Marx and Smith

Sam Wittmer


Two men sit at the bar, each contemplating his respective drink.  Across from the two, in a booth on the other side of the dark room, a group of factory workers sits down.  It is the end of their day; the workers are tired men, wearing rags and clearly exhausted, but nonetheless making jokes and laughing.

Karl Marx:  This is truly a sad sight.  I know the pain that those ironworkers and smelters must be feeling.

Adam Smith: Why do you say that?  Surely they have jobs and are able to provide for their families.

M:  Ah, but you must see that these men are a broken people.  They are the proletariat of London.  They face constant exploitation from the bourgeoisie, who care for nothing but producing more and more.  The modern Bourgeois, forged in the wreckage of feudal society, now oppress these wage-laborers and treat their personal worth as simply an exchange value.

S:  Well, that is very strange of you to believe.  I think of it as somewhat of a—how do I put this? —Oh, I know—an invisible hand! This new division of labor that we now see greatly stabilizes the economy and increases production and advances technology.  With each one of those factory workers creating a single part of a product, they are able to produce faster, greater quantity and greater quality of products.  Thus, we must allow as much production as the markets will allow.

M:  But this division of labor has made the workingman expendable, and his masters view him as having a low exchange value.  The reason for this is that division of labor creates workers who are easily replaced by others, therefore the factory owners may pay their workers only enough to keep them alive—in this way they survive only to produce more for the bourgeois owners, and have no humanity.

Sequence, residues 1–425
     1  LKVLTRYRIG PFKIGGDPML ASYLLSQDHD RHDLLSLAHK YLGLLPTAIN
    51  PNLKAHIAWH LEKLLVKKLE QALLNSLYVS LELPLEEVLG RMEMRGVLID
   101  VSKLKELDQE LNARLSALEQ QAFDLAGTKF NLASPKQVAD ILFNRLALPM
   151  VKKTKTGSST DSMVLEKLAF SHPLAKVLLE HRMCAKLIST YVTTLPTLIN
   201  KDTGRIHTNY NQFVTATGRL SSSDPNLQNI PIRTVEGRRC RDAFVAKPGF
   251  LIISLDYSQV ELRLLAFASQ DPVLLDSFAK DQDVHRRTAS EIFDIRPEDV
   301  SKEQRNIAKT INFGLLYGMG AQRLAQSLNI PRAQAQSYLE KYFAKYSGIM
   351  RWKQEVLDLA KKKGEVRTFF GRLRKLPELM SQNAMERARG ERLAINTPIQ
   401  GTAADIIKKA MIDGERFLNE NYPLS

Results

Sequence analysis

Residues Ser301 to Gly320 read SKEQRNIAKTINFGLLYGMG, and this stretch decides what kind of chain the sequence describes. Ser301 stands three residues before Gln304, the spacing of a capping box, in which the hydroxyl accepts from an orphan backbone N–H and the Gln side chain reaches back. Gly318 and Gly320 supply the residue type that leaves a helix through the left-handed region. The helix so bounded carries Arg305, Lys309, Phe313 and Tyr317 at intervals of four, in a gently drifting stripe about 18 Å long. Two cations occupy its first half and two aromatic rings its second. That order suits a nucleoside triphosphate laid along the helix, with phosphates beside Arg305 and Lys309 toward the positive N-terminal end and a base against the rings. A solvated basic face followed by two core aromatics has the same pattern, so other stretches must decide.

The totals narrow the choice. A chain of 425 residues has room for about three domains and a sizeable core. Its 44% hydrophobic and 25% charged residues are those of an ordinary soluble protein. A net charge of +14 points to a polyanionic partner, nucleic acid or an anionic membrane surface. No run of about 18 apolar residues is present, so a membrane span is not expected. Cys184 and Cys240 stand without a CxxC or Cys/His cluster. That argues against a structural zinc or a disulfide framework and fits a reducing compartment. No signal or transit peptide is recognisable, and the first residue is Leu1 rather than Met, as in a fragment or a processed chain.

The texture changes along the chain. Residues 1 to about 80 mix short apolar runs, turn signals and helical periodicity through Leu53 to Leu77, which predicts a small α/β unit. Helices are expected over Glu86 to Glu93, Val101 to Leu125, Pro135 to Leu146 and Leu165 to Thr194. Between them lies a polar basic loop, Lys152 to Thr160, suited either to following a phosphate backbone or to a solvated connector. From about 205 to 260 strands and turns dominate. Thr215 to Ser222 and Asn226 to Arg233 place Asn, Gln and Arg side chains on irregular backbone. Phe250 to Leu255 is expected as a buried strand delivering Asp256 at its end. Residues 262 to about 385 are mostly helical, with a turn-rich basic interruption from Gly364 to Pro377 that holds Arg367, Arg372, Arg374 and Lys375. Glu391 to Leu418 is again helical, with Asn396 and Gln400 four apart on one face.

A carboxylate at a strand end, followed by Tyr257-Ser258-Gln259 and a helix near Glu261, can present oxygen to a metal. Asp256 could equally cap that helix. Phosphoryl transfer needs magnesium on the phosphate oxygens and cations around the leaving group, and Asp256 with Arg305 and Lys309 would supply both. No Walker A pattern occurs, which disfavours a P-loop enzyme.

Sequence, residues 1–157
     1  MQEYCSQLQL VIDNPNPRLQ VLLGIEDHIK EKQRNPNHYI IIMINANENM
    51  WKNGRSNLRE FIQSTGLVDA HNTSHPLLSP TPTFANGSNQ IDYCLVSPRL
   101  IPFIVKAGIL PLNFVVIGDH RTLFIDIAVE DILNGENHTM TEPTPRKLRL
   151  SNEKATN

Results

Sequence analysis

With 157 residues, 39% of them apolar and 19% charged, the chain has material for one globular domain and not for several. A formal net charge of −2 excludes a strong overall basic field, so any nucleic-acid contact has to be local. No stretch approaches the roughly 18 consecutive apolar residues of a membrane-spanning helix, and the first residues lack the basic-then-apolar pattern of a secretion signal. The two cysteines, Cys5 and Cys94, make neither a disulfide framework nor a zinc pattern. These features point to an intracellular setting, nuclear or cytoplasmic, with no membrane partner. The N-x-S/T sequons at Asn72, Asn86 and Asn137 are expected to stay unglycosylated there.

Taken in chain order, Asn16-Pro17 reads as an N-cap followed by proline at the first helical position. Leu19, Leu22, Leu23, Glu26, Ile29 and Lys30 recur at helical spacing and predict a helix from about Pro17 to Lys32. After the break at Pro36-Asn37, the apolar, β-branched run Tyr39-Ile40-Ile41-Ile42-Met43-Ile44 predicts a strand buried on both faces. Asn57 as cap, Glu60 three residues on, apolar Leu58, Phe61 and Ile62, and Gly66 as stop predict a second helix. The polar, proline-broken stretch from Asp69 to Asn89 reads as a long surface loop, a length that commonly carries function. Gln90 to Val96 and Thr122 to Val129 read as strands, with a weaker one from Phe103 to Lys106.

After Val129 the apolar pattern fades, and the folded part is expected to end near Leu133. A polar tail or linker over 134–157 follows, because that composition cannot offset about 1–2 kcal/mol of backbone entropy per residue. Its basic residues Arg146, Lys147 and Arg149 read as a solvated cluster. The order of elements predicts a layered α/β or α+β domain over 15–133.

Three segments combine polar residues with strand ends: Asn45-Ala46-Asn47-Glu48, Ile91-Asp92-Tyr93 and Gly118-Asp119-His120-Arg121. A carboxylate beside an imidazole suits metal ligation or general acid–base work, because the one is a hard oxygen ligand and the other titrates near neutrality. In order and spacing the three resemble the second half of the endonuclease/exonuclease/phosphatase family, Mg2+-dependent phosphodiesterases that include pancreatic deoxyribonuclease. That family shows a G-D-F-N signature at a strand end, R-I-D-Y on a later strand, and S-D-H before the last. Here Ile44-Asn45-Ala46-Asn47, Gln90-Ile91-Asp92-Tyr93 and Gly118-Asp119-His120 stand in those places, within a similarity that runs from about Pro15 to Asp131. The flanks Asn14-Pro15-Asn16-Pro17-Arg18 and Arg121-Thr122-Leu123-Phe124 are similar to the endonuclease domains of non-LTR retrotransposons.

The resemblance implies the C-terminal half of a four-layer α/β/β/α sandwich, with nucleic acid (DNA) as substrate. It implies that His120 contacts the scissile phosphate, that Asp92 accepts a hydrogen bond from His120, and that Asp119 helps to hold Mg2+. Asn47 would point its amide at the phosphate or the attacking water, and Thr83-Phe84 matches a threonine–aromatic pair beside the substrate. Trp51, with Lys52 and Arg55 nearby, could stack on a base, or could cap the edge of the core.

S:  Let me continue on the invisible hand controlling the markets in relation to this previous statement.  Those workers will not work if they are not being given fair compensation.  This is also how the economy works—people will not buy a product if it is not a fair price.  Producers must be fair in their trade, for the market will not allow it to be otherwise.

M:  The people in fact do not have a choice of how they live.  Their sole property is their own physical labor, and this they sell to the bourgeoisie and become commodities.  The proletariat will overthrow these chains of capitalism because conditions will simply be too terrible to bear.  The proletarian revolution will bring about a Communist society where all property is held by the state with centralized production.  All will earn the same.

S:  If all people are to make the same and also have no personal property, then for what will they work?  Innovation will come to a standstill, as incentive is no longer present.  Furthermore, why do you think that these people will be able to get along?  No one will be in charge if they are all equal.

M:  They will in fact all be the proletariat and have an abundance of goods.  When there is no want of food and shelter, there will be no strife.  History is the history of class warfare—the tale of one group oppressing another.  This revolution will effectively eliminate the need for class struggle because there will be no classes.  As for order, it will be a democracy controlled by the people.

Plato: (lurking in a dark corner of the bar) But lead to tyranny, Democracy must!

S:  Who was that?

M:  I do not know but I believe it is our cue to leave.

S:  Indeed.  Well I believe I will see you again next Friday, Karl?

M: Ah, of course Adam, I do enjoy our conversations.

They exit.




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